Bottegal told Xinhua news agency on Thursday that it was a lack of waves at his local beach which prompted him to come up with the idea.
"It started me thinking about the way that waves are made and what was the least amount of area in an artificial surf reef needed to actually change wave characteristics for the better," he said.
The Airwave is much smaller than other artificial reefs, using the minimum amount of resistance and impact to reshape the waves.
"Normally what happens is swell acts in fairly straight lines, if there's no bottom shape to make it break in a certain spot it basically isn't surfable," Bottegal said.
"What the Airwave does is make it break in one spot about 50 metres out, and then once you make it break in one spot it peels left and right to the beach in a way which is conducive to surfing."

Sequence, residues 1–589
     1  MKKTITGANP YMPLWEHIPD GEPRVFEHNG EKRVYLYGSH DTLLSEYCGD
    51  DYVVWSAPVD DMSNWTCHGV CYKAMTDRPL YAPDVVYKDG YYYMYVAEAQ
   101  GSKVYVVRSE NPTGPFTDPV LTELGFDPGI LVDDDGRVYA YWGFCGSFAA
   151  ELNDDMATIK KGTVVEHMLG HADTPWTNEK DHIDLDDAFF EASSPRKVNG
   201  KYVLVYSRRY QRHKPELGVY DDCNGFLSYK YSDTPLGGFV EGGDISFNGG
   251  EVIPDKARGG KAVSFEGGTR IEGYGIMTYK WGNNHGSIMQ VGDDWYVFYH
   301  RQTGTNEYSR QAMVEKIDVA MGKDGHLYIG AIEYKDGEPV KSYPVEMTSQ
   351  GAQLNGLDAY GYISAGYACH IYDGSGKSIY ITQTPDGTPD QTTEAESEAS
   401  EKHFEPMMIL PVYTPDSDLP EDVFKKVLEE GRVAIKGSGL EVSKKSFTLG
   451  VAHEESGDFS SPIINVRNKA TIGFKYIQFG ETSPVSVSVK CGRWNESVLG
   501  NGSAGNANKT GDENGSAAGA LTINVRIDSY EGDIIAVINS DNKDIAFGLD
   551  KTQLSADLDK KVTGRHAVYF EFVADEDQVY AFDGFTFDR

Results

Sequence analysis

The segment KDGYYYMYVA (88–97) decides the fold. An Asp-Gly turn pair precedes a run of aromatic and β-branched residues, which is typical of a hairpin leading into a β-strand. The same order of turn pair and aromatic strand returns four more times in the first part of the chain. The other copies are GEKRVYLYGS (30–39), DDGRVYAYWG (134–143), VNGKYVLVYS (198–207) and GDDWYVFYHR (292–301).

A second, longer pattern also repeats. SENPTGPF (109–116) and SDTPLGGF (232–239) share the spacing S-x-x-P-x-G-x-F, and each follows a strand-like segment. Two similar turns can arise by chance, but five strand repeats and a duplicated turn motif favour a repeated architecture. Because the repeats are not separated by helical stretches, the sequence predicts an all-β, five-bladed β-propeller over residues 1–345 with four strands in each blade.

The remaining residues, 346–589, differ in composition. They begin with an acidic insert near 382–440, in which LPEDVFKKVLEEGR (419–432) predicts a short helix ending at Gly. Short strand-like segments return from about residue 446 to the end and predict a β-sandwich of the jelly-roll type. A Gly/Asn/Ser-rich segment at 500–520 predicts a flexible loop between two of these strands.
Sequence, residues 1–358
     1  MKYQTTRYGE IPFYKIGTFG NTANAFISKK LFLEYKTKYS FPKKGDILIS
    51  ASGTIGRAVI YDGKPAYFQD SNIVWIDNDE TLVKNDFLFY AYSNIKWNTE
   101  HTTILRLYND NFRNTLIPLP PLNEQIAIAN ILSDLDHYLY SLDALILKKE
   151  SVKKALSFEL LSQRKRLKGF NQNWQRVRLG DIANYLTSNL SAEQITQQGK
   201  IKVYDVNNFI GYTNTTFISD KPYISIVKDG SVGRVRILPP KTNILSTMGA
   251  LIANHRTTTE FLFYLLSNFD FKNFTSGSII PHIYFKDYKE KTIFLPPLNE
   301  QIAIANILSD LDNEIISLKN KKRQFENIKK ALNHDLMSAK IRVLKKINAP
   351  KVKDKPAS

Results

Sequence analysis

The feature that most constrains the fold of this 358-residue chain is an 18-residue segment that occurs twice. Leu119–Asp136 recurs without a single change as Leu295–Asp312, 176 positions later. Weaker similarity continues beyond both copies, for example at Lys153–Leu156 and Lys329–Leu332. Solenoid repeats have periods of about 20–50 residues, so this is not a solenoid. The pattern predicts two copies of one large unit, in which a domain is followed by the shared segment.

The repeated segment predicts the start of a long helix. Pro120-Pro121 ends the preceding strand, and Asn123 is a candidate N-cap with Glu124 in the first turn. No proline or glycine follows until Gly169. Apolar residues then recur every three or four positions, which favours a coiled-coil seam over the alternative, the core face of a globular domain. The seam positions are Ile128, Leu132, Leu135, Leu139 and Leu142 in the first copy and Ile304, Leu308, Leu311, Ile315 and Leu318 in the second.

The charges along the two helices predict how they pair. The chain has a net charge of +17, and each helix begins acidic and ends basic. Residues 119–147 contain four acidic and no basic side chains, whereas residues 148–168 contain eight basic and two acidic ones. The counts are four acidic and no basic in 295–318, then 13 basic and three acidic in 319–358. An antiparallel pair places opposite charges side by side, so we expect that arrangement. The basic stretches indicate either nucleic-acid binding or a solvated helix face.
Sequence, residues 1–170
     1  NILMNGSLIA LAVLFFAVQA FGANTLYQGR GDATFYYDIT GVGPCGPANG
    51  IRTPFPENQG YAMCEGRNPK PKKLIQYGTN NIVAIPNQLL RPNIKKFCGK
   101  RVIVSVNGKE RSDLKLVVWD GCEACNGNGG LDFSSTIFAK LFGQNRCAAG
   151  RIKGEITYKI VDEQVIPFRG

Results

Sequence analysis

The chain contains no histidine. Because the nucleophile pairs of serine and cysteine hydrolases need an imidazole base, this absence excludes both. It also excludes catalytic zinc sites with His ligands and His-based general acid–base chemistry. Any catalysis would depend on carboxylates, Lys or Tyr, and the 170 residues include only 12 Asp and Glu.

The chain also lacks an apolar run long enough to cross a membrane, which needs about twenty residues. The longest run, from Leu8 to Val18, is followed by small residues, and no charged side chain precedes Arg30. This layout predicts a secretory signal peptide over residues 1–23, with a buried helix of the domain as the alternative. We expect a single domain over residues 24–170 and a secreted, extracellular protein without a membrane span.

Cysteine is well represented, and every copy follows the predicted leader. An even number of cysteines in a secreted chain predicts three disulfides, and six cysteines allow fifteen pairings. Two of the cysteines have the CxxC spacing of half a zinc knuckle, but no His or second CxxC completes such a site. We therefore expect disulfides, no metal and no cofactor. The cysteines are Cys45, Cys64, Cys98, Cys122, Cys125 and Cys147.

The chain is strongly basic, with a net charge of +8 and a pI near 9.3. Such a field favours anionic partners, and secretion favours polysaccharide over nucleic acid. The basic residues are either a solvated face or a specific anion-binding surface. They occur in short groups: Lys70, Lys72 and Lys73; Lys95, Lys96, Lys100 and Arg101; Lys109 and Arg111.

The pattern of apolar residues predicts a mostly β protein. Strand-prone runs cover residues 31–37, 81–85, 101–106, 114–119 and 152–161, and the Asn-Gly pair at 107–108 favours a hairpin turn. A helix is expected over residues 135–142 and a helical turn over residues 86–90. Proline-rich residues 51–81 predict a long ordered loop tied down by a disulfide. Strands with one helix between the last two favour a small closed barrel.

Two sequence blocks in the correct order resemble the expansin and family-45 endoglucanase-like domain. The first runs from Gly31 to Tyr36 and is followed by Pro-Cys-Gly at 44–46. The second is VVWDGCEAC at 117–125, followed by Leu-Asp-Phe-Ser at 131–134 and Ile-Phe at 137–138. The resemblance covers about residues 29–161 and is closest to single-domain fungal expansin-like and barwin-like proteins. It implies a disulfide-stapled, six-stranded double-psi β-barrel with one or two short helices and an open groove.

Filled with a combination of sand, water and air, the Airwave can be easily installed by two divers operating from a barge, in roughly two days.
A trial installation will be conducted in Bunbury, Western Australia and will record data including the effects of sand movement to monitor success.
Bottegal said he hopes to one day see Airwaves rolled out at beaches around the world and for all surfers from beginners to advanced, reaping the rewards.